Conservation Corner: Introducing social marketing
By way of introduction, I coordinate the City of Kelowna’s Water Smart program and I assist other municipalities with their water conservation efforts. But my background was not water related; I was creative director of an advertising agency for many years.
When I was hired in 1996 to develop Kelowna’s program, I thought it would be easy to achieve the utility’s targets for reductions in water use. Surely the same marketing principles I used for General Motors and other clients could be applied to a water conservation program.
I quickly found out how wrong I was. There is a huge difference between encouraging people to buy something and encouraging people to permanently change their behavior. The former can be accomplished with a short-term promotion; the latter often requires years of effort.
Many water purveyors believe that if they simply make their customers aware of the need for conservation, then their customers will respond. But awareness doesn’t necessarily lead to action. That’s where social marketing comes in. Social marketing tells us there are three basic ways to facilitate behavior change:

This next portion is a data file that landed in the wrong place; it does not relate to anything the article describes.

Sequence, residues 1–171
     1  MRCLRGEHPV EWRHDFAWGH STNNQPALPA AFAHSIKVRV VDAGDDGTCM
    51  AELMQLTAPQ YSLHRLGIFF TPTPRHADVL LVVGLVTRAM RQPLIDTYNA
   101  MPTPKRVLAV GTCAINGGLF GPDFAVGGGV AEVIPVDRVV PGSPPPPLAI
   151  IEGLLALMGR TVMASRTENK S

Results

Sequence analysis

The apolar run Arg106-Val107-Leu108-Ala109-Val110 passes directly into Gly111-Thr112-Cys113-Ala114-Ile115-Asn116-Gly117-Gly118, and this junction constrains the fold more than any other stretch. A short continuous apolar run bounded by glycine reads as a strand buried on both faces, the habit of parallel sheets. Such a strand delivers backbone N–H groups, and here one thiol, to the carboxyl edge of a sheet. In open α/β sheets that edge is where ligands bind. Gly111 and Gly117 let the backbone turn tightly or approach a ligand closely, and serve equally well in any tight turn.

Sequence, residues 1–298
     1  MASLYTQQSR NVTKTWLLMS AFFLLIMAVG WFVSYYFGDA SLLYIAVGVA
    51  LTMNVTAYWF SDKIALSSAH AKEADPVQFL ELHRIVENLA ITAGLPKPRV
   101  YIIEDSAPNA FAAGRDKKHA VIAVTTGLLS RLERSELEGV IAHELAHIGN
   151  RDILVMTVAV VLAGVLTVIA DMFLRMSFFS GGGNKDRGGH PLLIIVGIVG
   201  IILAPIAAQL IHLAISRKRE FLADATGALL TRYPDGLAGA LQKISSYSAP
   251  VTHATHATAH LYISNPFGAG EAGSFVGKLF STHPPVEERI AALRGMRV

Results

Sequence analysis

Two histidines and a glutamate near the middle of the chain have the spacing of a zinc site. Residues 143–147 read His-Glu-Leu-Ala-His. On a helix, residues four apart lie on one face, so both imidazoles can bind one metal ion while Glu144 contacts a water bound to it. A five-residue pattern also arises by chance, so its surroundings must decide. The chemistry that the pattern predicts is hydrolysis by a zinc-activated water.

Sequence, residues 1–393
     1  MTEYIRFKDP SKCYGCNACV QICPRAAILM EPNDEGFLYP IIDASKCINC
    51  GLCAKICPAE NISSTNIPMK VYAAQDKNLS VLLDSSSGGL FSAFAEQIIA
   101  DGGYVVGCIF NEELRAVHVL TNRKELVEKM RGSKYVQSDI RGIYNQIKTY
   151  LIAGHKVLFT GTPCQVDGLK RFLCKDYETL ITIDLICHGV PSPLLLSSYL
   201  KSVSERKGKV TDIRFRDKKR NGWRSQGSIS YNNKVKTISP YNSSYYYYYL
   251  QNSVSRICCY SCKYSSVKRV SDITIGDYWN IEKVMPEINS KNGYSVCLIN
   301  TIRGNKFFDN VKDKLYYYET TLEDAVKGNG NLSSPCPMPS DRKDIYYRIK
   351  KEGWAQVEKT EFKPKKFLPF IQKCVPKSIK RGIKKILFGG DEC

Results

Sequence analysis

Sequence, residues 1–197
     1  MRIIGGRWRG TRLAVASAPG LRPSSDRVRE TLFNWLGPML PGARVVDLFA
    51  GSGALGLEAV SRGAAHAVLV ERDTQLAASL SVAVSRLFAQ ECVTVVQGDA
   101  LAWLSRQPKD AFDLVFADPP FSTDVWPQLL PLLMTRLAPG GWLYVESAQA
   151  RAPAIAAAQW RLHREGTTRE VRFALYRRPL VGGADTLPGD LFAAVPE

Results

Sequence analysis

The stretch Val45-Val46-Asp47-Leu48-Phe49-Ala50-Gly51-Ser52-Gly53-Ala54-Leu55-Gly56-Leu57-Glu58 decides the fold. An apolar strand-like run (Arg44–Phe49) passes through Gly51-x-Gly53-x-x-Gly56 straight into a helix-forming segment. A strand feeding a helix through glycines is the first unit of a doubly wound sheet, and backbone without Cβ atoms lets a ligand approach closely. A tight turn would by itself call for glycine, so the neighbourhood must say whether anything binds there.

- Make the undesired behavior inconvenient
- Make the undesired behavior more expensive
- Make the undesired behavior socially unacceptable.
It’s not rocket science, but many public education programs fail to achieve their desired goals because of flawed plans, poor execution, or lack of resources. Hopefully the information from Conservation Corner will help you get more results from your public education efforts.
By Neal Klassen, BCWWA “Watermark” contributor
Posted January 2006
Originally published in the Spring 2005 issue of Watermark Magazine, the official publication of the British Columbia Water & Waste Association (BCWWA).
For more information contact Neal Klassen at firstname.lastname@example.org.